22 Output and control signals from the re-tuned controller which removes proportional kick.5 0 0 2 4 6 8 Time. seconds 10 2 Control signal 1.5 Process output 1 0. We have already seen how it is necessary to modify the formula of the D-term to avoid problems with measurement noise amplification. I gain = 2 1 Process output 0. I gain = 6 0 2 4 6 8 Time.6. 1. 18.5 0 0 2 4 6 8 Time.550 The practical aspects of PID control P on process variable.21 Output and control signals in the restructured PI control of a first-order process model. seconds Figure 18. Controller removes proportional kick. seconds 10 4 Control signal 3 2 1 0 0 2 4 6 8 10 Time. seconds 10 Figure 18.5 0 P on process output.5 1 0. I on error. Now we look at practical implications .2 Derivative kick We use derivative control to enhance the closed-loop stability of a loop and to shape the response by tuning the damping in systems with approximately second-order dynamics. I on error.

Derivative kick is very similar in origin to proportional kick.23.224s 0.23 we have a Simulink model of PID control of a simple first-order process where the controller is in the usual forward path position. If we write a general transfer function for the PID controller of Figure 18.25). We have used the modified D-term which incorporates noise filtering. We run the simulation to look at the process variable output signal and the control signal. This is a derivative kick effect.763. we call this new controller a PI-D controller. we would have: K K s U(s) = Gpid(s)E(s) = Kp + i + d E ( s) s τ f s + 1 where Kp = 2.23 A Simulink model of standard PID-on-error applied to a first-order process. Kd = 0. and the kick would create serious problems for any electronic circuitry used in the device. the I-term ensures there is no steady state error and the rise time is about 4 time units. where a step change in reference has occurred at t = 1.24. In Figure 18.224 and τ f = 0. Ki = 0. Using the process control terminology. In practice this control signal could be driving an actuator device like a motor or a valve.112s+1 Derivative on error signal t Clock Time Figure 18. The formula for the PI-D controller is given as Ki K s U( s) = Kp + E ( s) − d Y ( s) s τ f s +1 . so that we move the derivative term into the feedback path and restructure the PID controller (Figure 18.18.763 Step Integral gain 1 s Integrator 1 1 5s+1 Process y Output Control signal u 0.6 Industrial PID controller structures 551 of the position of the D-term in the usual textbook structure of the PID controller.112. A look at the control signal in Figure 18. explained in the previous section. The remedy for derivative kick also follows that used for proportional kick. The process output response looks satisfactory.6 0.24 shows a remarkably different interpretation of the apparently benign output response. The signal plots are shown in Figure 18. We see a sharp spike on the control signal at the time of the step reference change. with ‘P and I on set point error and D on process variable’. Proportional gain 2.6.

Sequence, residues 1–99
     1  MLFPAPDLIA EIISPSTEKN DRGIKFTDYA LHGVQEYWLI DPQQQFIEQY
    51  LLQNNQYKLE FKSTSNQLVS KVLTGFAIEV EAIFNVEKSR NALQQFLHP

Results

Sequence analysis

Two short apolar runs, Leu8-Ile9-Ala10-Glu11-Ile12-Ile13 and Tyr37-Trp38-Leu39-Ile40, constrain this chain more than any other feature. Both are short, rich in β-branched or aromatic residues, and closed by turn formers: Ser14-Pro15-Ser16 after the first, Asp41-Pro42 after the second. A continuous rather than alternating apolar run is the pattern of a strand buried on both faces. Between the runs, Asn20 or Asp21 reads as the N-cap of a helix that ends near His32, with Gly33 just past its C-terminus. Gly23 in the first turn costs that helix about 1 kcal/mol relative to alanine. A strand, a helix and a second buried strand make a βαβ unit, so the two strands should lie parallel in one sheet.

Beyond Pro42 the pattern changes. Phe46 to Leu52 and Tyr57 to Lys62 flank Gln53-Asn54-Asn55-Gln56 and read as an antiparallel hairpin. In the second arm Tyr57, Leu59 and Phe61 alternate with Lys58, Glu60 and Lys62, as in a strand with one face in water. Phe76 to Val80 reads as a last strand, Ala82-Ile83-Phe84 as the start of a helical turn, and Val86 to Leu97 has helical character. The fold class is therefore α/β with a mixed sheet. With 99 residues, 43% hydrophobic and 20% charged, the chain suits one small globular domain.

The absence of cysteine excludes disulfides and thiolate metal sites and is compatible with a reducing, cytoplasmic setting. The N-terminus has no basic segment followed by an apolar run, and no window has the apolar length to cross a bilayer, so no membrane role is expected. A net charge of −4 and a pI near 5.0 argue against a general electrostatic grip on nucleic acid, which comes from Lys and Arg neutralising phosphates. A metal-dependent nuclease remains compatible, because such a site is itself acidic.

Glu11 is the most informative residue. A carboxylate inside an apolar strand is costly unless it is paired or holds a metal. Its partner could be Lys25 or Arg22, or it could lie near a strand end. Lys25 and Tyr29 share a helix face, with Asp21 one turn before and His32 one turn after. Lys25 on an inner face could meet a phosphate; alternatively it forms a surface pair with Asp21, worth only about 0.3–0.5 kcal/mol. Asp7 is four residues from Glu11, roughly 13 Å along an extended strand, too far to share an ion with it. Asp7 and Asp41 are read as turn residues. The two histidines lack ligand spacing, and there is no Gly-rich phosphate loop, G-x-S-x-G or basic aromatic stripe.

24 and 18.7 units and appears as a gentle exponential decay.26. while in the PI-D control signal the peak is 2.24 Output and control signals in the standard PID control of a first-order process model. The difference in the two process output signals is hardly noticeable. The modified Simulink simulation is shown in Figure 18. and the associated output and control signal traces are shown in Figure 18.25 PID structure: PI on error.27. This structural flexibility is discussed in more detail in the next section.5 Process output 1 0. In the standard PID control signal the spike reached a peak of 5 units and was very narrow and sharp.552 The practical aspects of PID control 1. Comparing the control signals of Figures 18. D on process variable.27. .5 0 Textbook PID control 0 2 4 6 8 Time 10 6 Control signal 4 2 0 0 2 4 6 8 Time 10 Figure 18. Proportional plus integral term R(s) + – E(s) Kp + + Ki s U(s) Process Y(s) G(s) – Kds tf s + 1 Derivative term Figure 18. The restructuring of the standard PID controller into the PI-D controller to avoid derivative kick is a second example of how industrial engineers have modified the PID control method to solve practical implementation problems. we immediately see that the spike due to derivative kick is much reduced in the new PI-D controller response.